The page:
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noise cancellation
MUFF WIGGLER Forum Index -> Production Techniques  
Author noise cancellation
slumberjack
looking for your oppionions on noise reduction on multitrack recording in post production / mixing stage.

do your treat ever single track? or the sum?

hardware? software?

a friend of me showed me the izotope plug-in. he uses it for soundtracks on movies and films.

i'm working with reaper.

recorded a couple of songs when i started multitracking 'a bit' too low, but i still want to put the stuff out (it's actually an album), so i want to find a workaround.
smithknows
izotope works really well. But kind of pricey.
I just saw that Klevgrand came out with this recently.
https://klevgrand.se/products/brusfri/
Looks really great for what you’re talking about.
noisejockey
Yep, iZotope Denoiser. Nothing works miracles except maybe the hyper-pricey Cedar DNS turnkey systems used in film production, but iZotope is the current gold standard. You'll get 8-12 dB reduction with minimal artifacts in most cases, based on my experience; more and you're introducing that classic warbly audio artifact.

You just need enough for a noise print - doesn't take much - and you're golden. Honestly the time spent trying other solutions is probably pricier than just getting iZotope.

(I'm old enough to remember the days of DiNR on Pro Tools, which excelled in making your tracks sound like they were burbling underwater.)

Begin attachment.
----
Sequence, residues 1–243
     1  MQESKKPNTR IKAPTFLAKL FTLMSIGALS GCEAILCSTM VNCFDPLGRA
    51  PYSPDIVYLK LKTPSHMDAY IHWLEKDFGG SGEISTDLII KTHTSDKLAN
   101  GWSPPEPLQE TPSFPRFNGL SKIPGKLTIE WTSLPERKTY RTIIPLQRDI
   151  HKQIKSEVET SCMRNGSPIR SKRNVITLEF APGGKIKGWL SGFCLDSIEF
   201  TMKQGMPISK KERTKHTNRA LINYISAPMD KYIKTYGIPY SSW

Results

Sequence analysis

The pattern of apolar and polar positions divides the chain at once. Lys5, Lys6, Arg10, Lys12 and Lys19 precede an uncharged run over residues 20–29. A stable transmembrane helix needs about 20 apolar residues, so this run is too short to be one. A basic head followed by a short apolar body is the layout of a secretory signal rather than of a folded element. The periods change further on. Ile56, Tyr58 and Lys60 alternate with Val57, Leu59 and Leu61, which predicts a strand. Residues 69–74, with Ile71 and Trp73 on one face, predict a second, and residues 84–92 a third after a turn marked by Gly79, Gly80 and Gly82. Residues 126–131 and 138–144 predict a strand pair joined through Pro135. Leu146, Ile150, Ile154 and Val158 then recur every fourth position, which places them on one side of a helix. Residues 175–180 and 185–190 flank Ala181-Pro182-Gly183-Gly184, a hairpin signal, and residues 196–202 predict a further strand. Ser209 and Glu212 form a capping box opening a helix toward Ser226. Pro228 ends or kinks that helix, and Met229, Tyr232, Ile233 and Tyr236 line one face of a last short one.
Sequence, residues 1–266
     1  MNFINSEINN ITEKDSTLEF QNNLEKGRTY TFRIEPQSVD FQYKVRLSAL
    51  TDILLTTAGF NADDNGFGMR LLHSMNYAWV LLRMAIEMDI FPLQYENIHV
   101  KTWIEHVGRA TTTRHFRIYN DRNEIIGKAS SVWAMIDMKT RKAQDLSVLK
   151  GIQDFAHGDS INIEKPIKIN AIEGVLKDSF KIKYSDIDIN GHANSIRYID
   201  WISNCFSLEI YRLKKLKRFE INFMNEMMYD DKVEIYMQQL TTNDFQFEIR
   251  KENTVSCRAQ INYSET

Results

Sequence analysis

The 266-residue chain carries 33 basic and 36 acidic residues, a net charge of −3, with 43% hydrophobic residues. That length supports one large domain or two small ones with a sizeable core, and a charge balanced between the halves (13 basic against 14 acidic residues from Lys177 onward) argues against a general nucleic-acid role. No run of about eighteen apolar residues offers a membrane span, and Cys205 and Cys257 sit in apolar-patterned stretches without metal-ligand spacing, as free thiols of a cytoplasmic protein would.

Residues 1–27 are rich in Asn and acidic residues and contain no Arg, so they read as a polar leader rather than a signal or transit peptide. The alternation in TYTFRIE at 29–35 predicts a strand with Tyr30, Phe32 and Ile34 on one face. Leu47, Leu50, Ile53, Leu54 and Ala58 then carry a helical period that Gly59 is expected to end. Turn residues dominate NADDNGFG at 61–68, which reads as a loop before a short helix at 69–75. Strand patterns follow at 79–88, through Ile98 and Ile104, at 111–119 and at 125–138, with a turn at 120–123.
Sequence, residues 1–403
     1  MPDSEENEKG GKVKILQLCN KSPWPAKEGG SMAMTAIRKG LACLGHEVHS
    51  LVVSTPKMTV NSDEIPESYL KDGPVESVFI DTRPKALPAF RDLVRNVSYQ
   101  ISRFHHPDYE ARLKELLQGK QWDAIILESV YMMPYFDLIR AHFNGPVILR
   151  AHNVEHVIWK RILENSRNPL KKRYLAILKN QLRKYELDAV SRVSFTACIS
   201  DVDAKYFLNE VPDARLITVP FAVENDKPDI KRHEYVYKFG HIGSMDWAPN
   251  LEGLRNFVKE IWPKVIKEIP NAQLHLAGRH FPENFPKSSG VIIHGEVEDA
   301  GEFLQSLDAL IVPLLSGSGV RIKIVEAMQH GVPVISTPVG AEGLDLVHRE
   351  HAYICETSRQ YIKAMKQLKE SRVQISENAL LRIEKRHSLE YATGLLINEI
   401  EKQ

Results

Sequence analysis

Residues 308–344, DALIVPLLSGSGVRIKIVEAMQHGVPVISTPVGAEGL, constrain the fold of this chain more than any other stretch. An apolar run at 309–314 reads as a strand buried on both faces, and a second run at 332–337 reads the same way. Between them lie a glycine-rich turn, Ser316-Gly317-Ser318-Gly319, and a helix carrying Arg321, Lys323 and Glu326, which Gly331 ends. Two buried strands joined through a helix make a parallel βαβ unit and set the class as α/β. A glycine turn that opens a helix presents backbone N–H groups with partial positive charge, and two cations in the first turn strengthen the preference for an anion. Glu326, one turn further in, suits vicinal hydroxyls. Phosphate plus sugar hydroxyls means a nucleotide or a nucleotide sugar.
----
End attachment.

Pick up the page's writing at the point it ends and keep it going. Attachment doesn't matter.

taylor12k
izotope RX, here

treating the whole mix (sum) is possible (if you have a spot of JUST noise that you can "learn")... but, like any mix fix, it's always better to do it on the source if possible.. if you have a single noisy track, treat that.. as you're not affecting things in the whole mix you may not be wanting to touch.



slumberjack wrote:
looking for your oppionions on noise reduction on multitrack recording in post production / mixing stage.

do your treat ever single track? or the sum?

hardware? software?

a friend of me showed me the izotope plug-in. he uses it for soundtracks on movies and films.

i'm working with reaper.

recorded a couple of songs when i started multitracking 'a bit' too low, but i still want to put the stuff out (it's actually an album), so i want to find a workaround.
xwk98
iZotope RX also here, one of the the best tool. These guys are genius!
slumberjack
thanks for sharing your knowledge!
slumberjack
btw. got brusfri for now, works great. maybe someday when i got to much money to spend i'll head for izotope rz! but first there are a few other things on my mind... wink

btw. tried it on a 16ch mix, the plug-in on 4ch - i had to render the tracks. it's not that light on cpu as i thought it wouzld be.
Soy Sos
Can you be more specific about the noise issues you're having?
Cause of noise, characteristics/quality of noise, types of instruments, amount of instrument and/vocal tracks and any other important details
regarding the conditions under which the recordings were produced?
I've done a fair amount of mixing for clients with problematic recordings that they produced themselves and oftentimes a per track, per instrument approach is needed.
For example: on a hissy white noise problem for a backing vocal, I might first cut all the blank spaces around the vocal and try a low pass filter at 6/8k.